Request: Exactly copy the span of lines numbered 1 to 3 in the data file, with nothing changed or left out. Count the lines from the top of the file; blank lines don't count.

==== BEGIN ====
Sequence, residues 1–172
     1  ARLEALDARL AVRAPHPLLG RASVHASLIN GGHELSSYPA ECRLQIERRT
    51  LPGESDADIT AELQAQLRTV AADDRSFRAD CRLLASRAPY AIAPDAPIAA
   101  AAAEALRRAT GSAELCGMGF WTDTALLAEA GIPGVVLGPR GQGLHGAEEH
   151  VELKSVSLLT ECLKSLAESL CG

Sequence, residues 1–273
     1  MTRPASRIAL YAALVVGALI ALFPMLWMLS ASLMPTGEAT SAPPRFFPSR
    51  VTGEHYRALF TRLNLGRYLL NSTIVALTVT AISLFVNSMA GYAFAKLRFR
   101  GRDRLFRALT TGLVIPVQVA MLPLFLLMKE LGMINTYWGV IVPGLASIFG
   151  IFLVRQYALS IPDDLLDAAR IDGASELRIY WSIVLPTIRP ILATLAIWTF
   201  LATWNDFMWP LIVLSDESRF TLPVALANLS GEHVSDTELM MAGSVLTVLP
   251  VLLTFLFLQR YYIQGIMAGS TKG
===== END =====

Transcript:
Sequence, residues 1–172
     1  ARLEALDARL AVRAPHPLLG RASVHASLIN GGHELSSYPA ECRLQIERRT
    51  LPGESDADIT AELQAQLRTV AADDRSFRAD CRLLASRAPY AIAPDAPIAA